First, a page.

Marc Leishman is ready for a huge month of golf that represents the best chance of his career to win a PGA Championship and US Open — but he may have to get past his friend and fellow Aussie Cameron Smith to do it.
- Marc Leishman hopes the windy conditions at Kiawah Island will play into his hands at the PGA Championship
- He and fellow Aussie Cameron Smith are in good form ahead of the year’s second major tournament
- The pair won the Zurich Classic together last month, but both are still chasing their maiden major victory
Leishman has had 2021’s majors circled on the calendar for some time knowing that Kiawah Island’s Ocean Course and San Diego’s Torrey Pines are two venues he can conquer in the two majors he’s notoriously struggled with.
While Leishman has contended at both the Masters (three top 15s) and the British Open (three top 6s), he’s found the going much tougher at the other majors.
In 10 previous PGA Championships, his best is a tie for 12th in 2013 and he has just one top-25 finish from nine US Open starts.
But fresh off a sixth PGA Tour win in New Orleans with Smith, Leishman can’t wait to turn the tables on history.
His confidence stems from the fact the Ocean Course presents a hard, fast and windy coastal challenge, the type of golf Leishman thrives in, while he’s already a proven winner at Torrey Pines.
“As far as the PGA Championship and US Open, I don’t usually give myself a realistic chance to win but with these courses available I put a target on them a long time ago and it’s nice to be coming in with some form,” Leishman said.
“It’s nice to have a PGA Championship course where I can turn up and think I have a real chance despite the fact its 156 great players in the field.
“I’d say it is the best chance I’ll get in my career to win one of these so hopefully I can get myself close when it’s on the line Sunday.”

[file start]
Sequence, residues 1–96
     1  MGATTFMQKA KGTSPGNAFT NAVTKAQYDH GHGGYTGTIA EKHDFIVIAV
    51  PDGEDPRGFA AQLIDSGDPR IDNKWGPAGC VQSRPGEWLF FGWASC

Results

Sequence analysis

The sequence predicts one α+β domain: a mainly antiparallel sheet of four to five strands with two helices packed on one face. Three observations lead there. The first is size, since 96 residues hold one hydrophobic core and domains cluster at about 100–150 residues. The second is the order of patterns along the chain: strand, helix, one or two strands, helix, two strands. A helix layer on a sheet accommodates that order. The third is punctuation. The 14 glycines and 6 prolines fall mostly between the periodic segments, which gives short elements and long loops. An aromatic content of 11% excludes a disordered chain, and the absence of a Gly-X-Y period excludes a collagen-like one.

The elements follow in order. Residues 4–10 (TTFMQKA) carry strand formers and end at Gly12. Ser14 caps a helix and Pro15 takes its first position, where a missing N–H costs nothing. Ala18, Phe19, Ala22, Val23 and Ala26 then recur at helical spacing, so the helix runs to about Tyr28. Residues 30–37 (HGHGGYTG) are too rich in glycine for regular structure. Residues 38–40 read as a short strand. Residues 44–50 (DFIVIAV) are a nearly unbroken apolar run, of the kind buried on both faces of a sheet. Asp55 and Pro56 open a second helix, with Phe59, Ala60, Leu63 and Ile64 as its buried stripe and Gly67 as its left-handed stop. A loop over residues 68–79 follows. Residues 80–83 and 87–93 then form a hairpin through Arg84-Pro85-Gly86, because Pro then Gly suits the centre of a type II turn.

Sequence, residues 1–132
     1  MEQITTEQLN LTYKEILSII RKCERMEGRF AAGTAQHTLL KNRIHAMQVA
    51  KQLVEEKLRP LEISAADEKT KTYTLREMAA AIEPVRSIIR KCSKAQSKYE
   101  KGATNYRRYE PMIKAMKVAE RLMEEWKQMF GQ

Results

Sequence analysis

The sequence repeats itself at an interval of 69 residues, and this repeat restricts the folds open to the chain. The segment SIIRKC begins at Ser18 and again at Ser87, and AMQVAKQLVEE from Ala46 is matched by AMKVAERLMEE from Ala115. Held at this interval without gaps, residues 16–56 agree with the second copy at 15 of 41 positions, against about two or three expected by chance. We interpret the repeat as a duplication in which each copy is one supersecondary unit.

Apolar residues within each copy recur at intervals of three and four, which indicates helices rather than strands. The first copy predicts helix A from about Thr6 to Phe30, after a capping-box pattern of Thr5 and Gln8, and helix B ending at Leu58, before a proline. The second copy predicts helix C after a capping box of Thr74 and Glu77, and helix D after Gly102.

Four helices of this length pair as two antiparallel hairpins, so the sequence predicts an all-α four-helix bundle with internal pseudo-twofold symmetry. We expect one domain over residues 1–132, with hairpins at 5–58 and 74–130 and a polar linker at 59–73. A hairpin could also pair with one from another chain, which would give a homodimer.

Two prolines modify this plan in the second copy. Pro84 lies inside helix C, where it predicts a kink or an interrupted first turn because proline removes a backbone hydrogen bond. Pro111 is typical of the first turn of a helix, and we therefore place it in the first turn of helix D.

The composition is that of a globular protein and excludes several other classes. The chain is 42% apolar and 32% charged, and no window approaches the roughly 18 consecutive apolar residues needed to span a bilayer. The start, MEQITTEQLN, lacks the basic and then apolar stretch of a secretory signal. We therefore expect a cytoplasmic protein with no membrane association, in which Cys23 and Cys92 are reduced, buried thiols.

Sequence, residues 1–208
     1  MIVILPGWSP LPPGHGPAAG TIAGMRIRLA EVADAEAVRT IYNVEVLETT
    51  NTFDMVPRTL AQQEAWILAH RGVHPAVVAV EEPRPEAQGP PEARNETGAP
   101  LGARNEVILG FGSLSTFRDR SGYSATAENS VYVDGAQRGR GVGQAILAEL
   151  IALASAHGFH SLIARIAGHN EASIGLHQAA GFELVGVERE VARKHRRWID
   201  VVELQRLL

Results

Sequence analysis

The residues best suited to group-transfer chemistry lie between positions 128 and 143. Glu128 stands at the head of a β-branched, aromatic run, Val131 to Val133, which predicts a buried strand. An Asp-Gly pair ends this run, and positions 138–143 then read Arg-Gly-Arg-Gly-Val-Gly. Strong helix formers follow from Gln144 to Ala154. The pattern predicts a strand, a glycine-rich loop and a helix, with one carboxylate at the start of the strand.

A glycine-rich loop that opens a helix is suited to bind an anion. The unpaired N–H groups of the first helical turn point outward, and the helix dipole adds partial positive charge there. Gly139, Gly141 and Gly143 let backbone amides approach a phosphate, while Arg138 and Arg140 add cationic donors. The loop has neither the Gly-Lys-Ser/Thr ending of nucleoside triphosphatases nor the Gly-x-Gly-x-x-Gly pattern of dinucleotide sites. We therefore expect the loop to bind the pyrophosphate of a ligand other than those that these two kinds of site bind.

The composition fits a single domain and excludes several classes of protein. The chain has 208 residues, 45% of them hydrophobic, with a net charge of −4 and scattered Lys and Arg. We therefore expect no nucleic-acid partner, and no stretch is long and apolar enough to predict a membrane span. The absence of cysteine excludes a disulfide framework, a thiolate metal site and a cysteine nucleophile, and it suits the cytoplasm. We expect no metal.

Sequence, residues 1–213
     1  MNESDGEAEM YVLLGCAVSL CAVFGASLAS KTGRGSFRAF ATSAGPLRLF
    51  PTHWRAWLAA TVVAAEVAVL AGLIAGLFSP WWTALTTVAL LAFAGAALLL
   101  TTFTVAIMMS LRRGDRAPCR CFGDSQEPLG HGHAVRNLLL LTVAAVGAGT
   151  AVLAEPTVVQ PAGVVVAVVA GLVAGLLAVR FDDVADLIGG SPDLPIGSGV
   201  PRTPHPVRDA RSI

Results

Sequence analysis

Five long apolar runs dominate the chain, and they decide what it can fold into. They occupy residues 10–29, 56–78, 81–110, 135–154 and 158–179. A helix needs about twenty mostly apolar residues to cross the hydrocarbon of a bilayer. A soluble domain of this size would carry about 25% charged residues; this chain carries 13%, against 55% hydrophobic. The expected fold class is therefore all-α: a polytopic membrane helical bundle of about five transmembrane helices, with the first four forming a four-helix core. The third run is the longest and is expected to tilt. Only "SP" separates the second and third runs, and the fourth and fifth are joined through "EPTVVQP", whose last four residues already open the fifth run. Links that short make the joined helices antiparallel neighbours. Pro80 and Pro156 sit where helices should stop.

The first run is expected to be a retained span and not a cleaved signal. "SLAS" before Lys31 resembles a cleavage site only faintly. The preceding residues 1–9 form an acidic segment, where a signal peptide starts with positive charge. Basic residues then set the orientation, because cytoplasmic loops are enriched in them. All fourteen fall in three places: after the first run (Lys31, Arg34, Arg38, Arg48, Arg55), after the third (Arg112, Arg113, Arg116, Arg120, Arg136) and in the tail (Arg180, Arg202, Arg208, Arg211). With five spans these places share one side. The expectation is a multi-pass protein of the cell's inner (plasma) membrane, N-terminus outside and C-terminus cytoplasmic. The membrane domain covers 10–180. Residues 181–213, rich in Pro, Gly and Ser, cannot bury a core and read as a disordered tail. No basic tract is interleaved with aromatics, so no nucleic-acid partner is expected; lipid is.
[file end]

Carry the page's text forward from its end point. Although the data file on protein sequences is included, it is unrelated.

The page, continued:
Leishman has earned a reputation as a great wind player — a skill developed in his hometown of Warrnambool — with several other stars watching him hit balls on the range at Kiawah during a windy practice day to perhaps garner some secrets.
But the 37-year-old knows tournaments aren’t won on reputation.
“It’s good that I’ve earned that reputation and with windy and firm conditions with no rain expected this week, I’m excited,” he said.
“But experience has taught me I can’t just expect to play well if it’s windy. I have to be in the right mindset and make sure there’s no complacency.
“I know we all start on zero and I have to earn this but I’m ready for the challenge.”
‘Form is a myth’ for confident Smith
Smith is full of confidence as he prepares to tackle the Ocean Course, as the world number 25’s popularity continues to grow — along with his infamous and self-described “filthy” mullet.
He ranks 11th on the US PGA Tour this season in strokes gained around the greens and is 14th in putting, plus his last start was a victory alongside Leishman.
But he says form doesn’t really matter when 99 of the top 100 players in the world are in the field.
“Form is a myth. It doesn’t exist,” Smith said.
“It’s a fresh start every week in golf. It’s a new challenge every day, so it’s all about how you handle that day to day.
“They are the best players in the world for a reason and if they have a good week they’re going to be tough to beat.
“But the bottom line is I know I can hit the shots that need to be played and when you execute those the results come.
“I just hope it stays firm and the wind gets up. I play my best golf when I can be creative and this course demands that. I can’t wait to give it a red-hot crack.”